drosi.de | Lexikon | Quest
Fremdsprachige Ausgabe: http://admin.engr.wisc.edu/quest
Todd Richmond. Mike Greenholdt
Quest is a face-to-face fantasy role-playing game designed and play-tested in Madison¸ WI over the last 13 years or so.
A freeware generic fantasy game¸ using both classes and skills. Skill resolution is by d20 roll. It has clerics based on real-world religions¸ and a technician class developing beyond the medieval norm. 272 pages rules (HTML¸ Postscript¸ or RTF)¸ plus a 207 page monster manual.
Quest is a skill-based system based on nine different Statistics¸and a number of derived Statistics. How well you learn the various skills in Quest is based on your Statistics. Any character may take any skill¸the only obstacle being how quickly they may learn the skill. Players choose a primary profession for their Character¸ but the only way this is involved with the various skills in the system is to give you a bonus in learningthose skills in your primary profession. You can have a fighter who can use a broadsword in each hand¸ heal him- or herself¸ and cast stonebolts at his/her opponents¸ or a sneak thief who can use magic to cloak him- or herself in illusions and disarm magical and mundane traps. For example¸ if you wish to design a ranger¸ you would acquire skill in broadsword¸ longbow¸ woodscraft¸ and possibly some clerical skills¸ especially spells related to nature or defense. Characters can pick and choose skills and Spell lists freely¸ the only hindrance being how well they learn each skill (which is based on theplayers statistics). There are twelve religions in Quest¸ corresponding to most of the major religions of the past and present. A cleric may choose one of these 12 religions or choose to be a nondenominational cleric. There are a number of common cleric lists: Healing¸ Clerical Divination¸ General Cleric¸ Ki¸ Piety¸and Theology.In addition¸ clerics who choose a religion have a number of Spell lists specific to that religion to choose from. And¸ of course¸ clerics may take skills from any of the other major skill classes in the system. Fighters have a choice of different weapons and styles¸ including Martial Arts¸ Fencing¸ active shield use and use of two weapons. Characters who choose to use magic have a number of different Spell Lists to choose from¸ including a working system for creating enchanted items¸ potions and scrolls.Magic tends to be much more general purpose and individualistic than in other systems. A single spell may allow you to do a number of different things¸ though area of effect spells are almost nonexistent. Each Spell list has 10 levels of Spells¸ each related to the main theme of the list. For example¸ the Elemental Air Magics Spell list includes three manipulation spells¸ a small and large missile spell (as well as an area of effect spell)¸ a flight spell¸ two protection spells¸ as well as a spell to summon air elementals. Spells in a list are learned sequentially and the spells become progressively more powerful. Quest uses a spell point system with each spell costing one point per level. Tradesman skills and other skills useful to adventurers¸ are included in the Open Skill class category. Thief lists include Acrobatics¸ Sleight of Hand¸ Stealth¸ and other such skills. Last of all are the Technical lists¸ things like Chemistry¸ Craftsman¸ Ordnance Engineering and Life Sciences. Again¸ these lists cover the general areas¸ leaving flexible for the Game Master and Player alike. A Technical Appendices is available which details the expenditure of time and money to create many technical items¸ up to and including present day items. The synergistic effects of the various Spells and abilities are¸ for the most part¸ left up to the discretion of the Game Master. This philosophy will allow the Game Master to control the game more easily¸ and will allow the Game Master to tailor the rules to his or her campaign. Some of the synergistic effects are discussed¸ because of their importance to game balance. The Game Master may use these as a guide for making decisions concerning other synergistic effects¸ but he or she should not feel constrained by these discussions. Potential Players and Game Masters should note that unlike most fantasy role playing games¸ reasonably high levels of technology are possible within the system. Cyberpunk/Shadowrun-type games¸ a modern day espionage type game and a space game have all been played using these rules. Quest was designed from the beginning to run a medieval level campaign¸ though the flexibility of the system allows it to be adapted to almost any setting. It is also possible to eliminate whole sections of skills without too severely damaging the rules system. An example of deleting bodies of skills would be to eliminate the fantasy elements and play in some historical time period(for the purposes of technological development) of the real world. A realistic representation of the European Middle Ages would require the Game Masterto limit the Technical Disciplines to certain levels and delete Fencing¸ the Oriental Disciplines¸ and all Spell Lists from the game. Be prepared for a bloody game! There will be no magical healing and the medical services will be poor. There are good possibilities for tailoring the game to a specific campaign.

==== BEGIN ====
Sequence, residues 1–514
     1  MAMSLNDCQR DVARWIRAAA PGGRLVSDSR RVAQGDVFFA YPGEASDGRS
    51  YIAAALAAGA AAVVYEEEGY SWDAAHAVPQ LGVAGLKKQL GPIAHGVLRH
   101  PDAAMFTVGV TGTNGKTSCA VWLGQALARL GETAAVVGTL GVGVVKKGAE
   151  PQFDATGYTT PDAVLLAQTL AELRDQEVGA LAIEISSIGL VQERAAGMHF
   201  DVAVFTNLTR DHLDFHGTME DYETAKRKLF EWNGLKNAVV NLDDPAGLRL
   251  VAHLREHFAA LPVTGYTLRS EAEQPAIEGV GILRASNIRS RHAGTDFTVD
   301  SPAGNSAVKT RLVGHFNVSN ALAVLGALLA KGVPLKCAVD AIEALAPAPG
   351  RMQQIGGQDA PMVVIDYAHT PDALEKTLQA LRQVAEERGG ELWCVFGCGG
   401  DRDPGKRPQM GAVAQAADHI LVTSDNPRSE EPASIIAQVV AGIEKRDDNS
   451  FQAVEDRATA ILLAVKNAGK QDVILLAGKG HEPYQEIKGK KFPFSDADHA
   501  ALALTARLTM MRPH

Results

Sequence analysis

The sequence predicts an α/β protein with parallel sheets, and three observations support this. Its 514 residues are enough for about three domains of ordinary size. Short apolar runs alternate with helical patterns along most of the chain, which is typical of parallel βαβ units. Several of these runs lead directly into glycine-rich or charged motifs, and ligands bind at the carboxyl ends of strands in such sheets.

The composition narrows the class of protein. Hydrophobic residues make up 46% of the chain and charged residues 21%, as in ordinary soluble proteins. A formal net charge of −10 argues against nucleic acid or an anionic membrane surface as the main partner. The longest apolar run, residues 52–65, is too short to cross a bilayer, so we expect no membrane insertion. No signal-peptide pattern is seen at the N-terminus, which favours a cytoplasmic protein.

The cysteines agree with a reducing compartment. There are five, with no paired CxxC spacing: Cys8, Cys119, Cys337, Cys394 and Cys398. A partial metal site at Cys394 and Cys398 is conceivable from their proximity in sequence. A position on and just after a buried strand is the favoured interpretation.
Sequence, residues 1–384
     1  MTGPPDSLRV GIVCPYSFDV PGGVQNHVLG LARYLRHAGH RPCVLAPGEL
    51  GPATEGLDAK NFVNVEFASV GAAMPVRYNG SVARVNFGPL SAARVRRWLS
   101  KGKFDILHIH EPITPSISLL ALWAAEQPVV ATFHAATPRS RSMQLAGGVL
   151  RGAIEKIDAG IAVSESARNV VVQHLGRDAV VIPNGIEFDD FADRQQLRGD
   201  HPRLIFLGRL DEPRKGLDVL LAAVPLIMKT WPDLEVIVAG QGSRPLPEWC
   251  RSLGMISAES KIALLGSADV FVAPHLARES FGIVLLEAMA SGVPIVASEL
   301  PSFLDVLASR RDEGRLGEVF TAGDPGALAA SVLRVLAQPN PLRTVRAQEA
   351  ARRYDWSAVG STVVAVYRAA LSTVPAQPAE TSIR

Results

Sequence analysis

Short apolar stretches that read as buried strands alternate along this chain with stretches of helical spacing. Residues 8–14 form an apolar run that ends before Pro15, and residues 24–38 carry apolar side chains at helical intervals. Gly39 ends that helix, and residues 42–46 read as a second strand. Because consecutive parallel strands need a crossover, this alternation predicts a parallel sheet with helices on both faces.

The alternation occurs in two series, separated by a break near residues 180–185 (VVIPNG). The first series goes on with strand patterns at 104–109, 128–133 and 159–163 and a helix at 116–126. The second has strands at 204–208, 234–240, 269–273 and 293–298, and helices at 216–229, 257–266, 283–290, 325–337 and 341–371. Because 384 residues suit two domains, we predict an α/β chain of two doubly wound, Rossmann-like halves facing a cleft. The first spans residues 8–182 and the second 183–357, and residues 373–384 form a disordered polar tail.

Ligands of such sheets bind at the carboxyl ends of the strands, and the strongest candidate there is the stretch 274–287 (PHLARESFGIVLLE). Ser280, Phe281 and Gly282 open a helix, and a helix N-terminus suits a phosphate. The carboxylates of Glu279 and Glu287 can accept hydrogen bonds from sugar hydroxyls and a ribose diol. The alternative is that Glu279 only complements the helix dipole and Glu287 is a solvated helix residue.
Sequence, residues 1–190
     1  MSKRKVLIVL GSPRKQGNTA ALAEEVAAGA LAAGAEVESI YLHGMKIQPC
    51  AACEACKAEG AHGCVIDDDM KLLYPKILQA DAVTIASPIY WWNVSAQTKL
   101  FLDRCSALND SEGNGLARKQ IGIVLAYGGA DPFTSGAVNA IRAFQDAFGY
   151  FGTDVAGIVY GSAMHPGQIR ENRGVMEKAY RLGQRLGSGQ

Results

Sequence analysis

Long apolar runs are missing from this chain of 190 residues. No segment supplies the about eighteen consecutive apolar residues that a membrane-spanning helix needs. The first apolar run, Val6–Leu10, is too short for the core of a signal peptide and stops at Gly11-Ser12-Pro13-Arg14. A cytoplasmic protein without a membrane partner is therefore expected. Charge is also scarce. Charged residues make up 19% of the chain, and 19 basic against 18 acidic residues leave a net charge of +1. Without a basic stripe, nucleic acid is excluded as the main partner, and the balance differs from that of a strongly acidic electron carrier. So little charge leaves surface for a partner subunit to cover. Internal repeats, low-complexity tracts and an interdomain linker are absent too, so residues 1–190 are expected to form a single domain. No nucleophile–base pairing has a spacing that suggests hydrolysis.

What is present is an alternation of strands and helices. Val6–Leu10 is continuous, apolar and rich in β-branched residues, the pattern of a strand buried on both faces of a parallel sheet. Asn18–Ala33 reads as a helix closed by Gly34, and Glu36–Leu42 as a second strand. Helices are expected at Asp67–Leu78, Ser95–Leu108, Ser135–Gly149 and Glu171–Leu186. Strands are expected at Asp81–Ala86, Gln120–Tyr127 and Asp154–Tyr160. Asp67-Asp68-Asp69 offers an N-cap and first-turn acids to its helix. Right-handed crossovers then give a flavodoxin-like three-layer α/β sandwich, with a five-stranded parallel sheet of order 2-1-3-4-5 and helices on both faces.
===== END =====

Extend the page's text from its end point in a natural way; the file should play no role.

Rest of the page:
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Letzte Änderung / Last modify: 2009-02-23